Junaid Jamshed, a pioneer of Pakistani pop who renounced music to become a Muslim evangelist and started one of the country’s most successful clothing boutiques was among 47 people killed in a plane crash Wednesday.

He died alongside his second wife, Nahya, and is survived by his first wife Ayesha as well as four children.

Born in Karachi on September 3, 1964, he shot to fame in the late 1980s as lead singer of the boy-band “Vital Signs”, where his dashing looks and brooding vocals made him a style icon and heartthrob for a generation emerging from the harsh Islamist rule of military dictator Zia-ul-Haq.

The band’s fusion of Western guitar-driven pop set to traditional Tabla beats inspired the creation of a new genre — Sufi Rock — that is hugely popular throughout South Asia today.

Their greatest hit, “Dil Dil Pakistan”, an upbeat ode to the homeland with a synthesizer-heavy 1980s sound, remains an unofficial national anthem.

Many of his biggest fans became critics when in the early 2000s he left his career in pop to become a member of the Tableeghi Jamaaat, a Sunni evangelical group that preaches its austere brand of Islam throughout the world.

Jamshed ditched his leather jackets and stone-washed jeans for traditional tunic and baggy pants, grew a beard, and began recording religious ‘Naats’ — hymns that are sung a capello, because instruments are seen as “haraam” (forbidden).

Pakistani liberals’ disappointment only grew as Jamshed made a series of controversial statements, often targeting women — including famously telling a female TV host that women should not be allowed to drive or leave the home without male guardians.

But his new guise also endeared him to conservative Pakistanis who followed his TV appearances closely and regarded him as a role-model for leaving a decadent lifestyle behind.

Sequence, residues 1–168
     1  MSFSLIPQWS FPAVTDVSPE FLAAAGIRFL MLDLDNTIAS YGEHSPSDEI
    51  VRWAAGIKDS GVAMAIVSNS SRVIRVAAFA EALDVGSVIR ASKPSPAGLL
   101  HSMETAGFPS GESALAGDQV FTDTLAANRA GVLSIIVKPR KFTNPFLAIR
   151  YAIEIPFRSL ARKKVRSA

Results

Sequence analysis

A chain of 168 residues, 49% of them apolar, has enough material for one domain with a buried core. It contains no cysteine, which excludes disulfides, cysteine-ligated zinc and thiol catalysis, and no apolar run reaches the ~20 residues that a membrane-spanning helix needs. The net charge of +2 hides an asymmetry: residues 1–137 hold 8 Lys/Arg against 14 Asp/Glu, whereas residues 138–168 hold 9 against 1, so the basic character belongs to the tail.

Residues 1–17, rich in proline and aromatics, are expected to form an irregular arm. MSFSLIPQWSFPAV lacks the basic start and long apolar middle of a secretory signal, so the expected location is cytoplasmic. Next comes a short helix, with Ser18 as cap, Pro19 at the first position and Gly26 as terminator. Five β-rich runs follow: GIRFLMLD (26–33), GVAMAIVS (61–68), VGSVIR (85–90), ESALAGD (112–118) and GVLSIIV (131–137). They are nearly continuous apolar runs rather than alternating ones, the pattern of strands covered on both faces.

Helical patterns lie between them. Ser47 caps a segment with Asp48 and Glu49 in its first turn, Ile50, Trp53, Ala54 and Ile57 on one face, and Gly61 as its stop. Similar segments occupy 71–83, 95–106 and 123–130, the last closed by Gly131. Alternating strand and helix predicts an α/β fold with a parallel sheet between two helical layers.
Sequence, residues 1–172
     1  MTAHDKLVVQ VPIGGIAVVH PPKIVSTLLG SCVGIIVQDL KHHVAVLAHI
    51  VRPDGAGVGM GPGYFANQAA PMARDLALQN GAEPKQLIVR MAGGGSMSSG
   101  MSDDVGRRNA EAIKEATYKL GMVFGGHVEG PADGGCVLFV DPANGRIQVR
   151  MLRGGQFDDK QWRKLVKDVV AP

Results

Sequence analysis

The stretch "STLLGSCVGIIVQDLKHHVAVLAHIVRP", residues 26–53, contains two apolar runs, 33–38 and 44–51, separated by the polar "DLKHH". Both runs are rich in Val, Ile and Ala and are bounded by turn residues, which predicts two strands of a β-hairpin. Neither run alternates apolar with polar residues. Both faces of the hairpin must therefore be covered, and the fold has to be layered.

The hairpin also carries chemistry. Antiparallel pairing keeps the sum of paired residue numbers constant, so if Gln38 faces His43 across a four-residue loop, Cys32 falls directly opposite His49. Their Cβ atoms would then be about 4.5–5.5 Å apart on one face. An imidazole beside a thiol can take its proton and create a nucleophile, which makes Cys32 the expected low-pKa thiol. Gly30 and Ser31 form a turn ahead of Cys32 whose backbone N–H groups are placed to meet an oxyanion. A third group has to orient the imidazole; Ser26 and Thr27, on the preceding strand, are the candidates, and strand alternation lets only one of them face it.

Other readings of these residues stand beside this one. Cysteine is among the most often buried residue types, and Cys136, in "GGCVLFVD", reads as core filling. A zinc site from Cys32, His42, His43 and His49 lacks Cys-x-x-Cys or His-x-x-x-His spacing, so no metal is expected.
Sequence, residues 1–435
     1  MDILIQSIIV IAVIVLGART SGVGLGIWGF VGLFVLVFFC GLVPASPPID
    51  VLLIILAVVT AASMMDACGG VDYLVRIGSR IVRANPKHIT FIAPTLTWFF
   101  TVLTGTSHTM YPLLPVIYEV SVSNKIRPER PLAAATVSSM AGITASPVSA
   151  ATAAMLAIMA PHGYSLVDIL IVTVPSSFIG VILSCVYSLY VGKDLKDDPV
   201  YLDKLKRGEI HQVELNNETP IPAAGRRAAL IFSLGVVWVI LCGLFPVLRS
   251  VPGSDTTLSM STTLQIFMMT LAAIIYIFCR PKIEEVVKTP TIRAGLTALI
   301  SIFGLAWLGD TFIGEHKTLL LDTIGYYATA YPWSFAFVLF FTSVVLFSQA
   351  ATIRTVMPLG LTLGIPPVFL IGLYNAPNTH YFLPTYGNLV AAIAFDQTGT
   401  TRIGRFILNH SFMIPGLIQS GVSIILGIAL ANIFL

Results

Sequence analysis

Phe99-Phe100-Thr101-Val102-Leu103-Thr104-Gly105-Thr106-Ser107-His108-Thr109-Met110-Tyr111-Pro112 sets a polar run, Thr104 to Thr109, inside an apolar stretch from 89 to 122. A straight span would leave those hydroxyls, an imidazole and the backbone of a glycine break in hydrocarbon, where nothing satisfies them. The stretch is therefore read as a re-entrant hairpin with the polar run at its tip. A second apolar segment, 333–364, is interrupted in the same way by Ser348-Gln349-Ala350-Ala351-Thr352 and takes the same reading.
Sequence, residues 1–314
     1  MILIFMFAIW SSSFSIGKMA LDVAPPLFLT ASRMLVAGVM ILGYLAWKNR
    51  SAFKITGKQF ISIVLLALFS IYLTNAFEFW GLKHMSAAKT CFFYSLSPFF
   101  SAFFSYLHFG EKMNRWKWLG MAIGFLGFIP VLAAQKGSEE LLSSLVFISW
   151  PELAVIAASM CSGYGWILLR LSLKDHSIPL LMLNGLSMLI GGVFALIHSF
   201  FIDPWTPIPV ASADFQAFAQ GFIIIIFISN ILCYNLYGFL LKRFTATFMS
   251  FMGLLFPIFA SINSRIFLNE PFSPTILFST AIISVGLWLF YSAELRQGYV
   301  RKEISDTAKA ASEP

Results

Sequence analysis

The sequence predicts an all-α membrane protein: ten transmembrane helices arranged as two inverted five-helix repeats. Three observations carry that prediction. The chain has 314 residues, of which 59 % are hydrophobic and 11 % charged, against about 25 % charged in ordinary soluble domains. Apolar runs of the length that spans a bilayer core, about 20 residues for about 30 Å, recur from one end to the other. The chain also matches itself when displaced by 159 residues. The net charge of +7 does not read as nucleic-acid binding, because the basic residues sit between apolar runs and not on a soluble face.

In 2014, he found himself embroiled in controversy for appearing to criticise one of the Prophet Muhammad’s wives in one of his sermons, prompting a blasphemy case to be brought against him.

He issued a tearful apology and the case was not pursued — his strong connections with the country’s religious right seemingly safeguarding him from persecution minorities often receive when charged or even accused of the same crime.

In addition to his preaching, Jamshed set up a upmarket clothing boutique in 2002 catering to both men and women, a highly profitable business that today boasts a strong presence across the country.

In his last tweet, Jamshed posted pictures of himself with fellow preachers in scenic northern Chitral, from where the ill-fated Pakistan International Airlines flight 661 made its final journey.

His death was mourned by clerics, politicians and fans of his earlier work.

“Disenchantment with the person he was yesterday vanishes with this tragedy. Today, the last decade didn’t happen. Rest in peace, Junaid Jamshed,” wrote columnist Umair Javed.